A Hollow Power

Author(s): 
Department: 

Dear Friends: On a plane to Seattle last December, I struck up a long conversation with a young white man. We touched on nearly everything. Eventually he told me that he was studying law, but hated it. He especially hated his classmates’ obsession with money (due in part to the huge debts they would face upon graduation). 

He somewhat sorrowfully admitted that he had bought into the game of scarcity, where the goal is to remain firmly on top to survive. He used to have hobbies, but those days were over. How miserable it was to see someone with such privilege refusing to enjoy life, all for fear of losing status.

The conversation struck me especially because I was taking that plane to attend a weekend-long session of AFSC’s Tyree Scott Freedom School. This school gathers 25-30 young people together – whites and people of color – to learn about racism in the United States. Through interactive discussions and analyses based on personal experience, participants learn to distinguish between personal and institutional racism.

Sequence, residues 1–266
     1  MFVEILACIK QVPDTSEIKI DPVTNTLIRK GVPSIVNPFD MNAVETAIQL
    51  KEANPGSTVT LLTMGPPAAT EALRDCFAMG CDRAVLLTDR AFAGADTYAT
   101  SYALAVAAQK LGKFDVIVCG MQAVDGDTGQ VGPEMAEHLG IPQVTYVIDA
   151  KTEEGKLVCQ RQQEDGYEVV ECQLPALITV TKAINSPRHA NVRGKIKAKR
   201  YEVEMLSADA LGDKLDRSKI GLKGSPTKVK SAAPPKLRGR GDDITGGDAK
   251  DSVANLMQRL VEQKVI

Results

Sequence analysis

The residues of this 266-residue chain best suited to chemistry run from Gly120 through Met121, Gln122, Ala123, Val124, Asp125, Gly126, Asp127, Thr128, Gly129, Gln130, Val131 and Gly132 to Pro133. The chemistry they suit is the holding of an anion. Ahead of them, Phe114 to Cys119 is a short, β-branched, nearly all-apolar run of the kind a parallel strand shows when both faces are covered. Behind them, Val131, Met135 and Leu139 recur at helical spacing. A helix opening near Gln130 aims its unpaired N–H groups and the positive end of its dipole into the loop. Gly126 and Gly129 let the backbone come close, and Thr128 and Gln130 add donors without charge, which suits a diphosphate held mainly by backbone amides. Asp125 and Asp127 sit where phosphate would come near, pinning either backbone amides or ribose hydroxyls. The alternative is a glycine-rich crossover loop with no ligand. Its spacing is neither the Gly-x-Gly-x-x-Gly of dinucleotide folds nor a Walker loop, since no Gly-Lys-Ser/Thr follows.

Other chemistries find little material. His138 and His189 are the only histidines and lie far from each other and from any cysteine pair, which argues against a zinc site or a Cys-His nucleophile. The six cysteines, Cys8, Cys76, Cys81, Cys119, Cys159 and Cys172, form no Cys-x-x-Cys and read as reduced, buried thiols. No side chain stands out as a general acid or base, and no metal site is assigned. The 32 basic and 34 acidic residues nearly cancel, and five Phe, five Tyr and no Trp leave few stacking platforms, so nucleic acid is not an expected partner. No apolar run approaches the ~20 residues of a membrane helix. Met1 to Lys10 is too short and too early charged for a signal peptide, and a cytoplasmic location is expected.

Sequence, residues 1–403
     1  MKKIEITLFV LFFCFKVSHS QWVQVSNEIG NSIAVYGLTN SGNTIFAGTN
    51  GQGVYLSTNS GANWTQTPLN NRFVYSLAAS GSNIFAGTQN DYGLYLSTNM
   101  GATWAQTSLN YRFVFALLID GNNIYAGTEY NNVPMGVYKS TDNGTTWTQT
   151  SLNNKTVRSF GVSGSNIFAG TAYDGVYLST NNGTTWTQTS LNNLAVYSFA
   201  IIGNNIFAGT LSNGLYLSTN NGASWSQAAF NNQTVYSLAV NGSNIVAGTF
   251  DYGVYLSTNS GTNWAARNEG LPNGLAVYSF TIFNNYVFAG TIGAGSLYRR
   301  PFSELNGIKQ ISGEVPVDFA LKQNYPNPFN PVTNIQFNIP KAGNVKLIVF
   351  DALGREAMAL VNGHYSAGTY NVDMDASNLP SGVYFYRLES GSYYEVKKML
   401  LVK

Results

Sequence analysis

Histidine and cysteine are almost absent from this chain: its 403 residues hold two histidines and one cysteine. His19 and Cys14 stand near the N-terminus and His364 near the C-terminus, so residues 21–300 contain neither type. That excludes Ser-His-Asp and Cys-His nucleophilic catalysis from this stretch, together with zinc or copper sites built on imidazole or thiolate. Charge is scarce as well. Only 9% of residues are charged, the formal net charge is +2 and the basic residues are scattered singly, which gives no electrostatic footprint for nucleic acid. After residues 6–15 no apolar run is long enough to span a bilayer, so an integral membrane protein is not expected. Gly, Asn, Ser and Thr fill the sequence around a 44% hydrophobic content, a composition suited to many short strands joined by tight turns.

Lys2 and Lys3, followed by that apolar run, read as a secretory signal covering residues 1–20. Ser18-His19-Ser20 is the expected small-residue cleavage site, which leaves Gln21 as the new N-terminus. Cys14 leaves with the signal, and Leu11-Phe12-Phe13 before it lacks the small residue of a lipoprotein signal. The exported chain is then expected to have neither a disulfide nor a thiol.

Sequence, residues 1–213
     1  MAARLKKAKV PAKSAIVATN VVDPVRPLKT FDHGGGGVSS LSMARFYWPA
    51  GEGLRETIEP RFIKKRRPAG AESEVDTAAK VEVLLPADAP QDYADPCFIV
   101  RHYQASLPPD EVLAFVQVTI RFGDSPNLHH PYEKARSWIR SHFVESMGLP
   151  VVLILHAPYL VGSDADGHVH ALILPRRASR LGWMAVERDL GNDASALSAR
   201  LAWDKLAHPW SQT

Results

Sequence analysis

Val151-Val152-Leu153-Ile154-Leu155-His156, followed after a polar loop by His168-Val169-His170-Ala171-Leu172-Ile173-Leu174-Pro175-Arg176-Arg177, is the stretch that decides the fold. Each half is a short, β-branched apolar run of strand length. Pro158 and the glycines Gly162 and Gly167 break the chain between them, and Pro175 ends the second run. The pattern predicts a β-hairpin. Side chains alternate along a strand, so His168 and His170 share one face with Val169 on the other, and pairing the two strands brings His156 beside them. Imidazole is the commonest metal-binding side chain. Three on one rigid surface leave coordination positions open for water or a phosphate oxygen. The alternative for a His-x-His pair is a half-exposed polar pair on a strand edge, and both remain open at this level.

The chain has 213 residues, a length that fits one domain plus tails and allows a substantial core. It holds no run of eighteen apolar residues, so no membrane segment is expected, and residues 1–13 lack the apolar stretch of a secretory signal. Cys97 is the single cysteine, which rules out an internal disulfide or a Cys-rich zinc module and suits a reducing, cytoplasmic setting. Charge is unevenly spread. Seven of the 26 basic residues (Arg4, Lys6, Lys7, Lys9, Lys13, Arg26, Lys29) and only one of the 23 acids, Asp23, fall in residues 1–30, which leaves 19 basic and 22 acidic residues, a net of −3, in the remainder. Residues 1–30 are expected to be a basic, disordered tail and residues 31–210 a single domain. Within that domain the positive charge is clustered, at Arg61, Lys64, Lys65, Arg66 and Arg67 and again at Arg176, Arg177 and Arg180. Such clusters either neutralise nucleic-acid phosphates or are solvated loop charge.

Defining racism as “prejudice plus power,” the Freedom School showed me that my own racism has less to do with being “good” or “bad” as a person and more to do with participation in a system with deeply racist roots. Racism is an equation that leaves some of us with disproportionate wealth, but it leaves all of us spiritually bankrupt. The young man on the plane was an example.

I understand that I am racist simply by taking part in the structures of racism that have kept our society unjust and unequal. I can only overcome my racism by fighting to change those systems and to create new ones based on equality and justice. And that is the work of a lifetime.

There are no easy answers, of course. But when white people begin to uncover the systems of oppression that undergird our privilege, we can finally see the ways in which we are also imprisoned by those systems. And then, perhaps, we can rise above society’s dictates that we should live lives of fear and consumption. Perhaps we can begin to reclaim our capacity to live our own lives. 

– Madeline Schaefer,    American Friends Service Committee

Please Subscribe

Subscribe or renew now to read all articles online.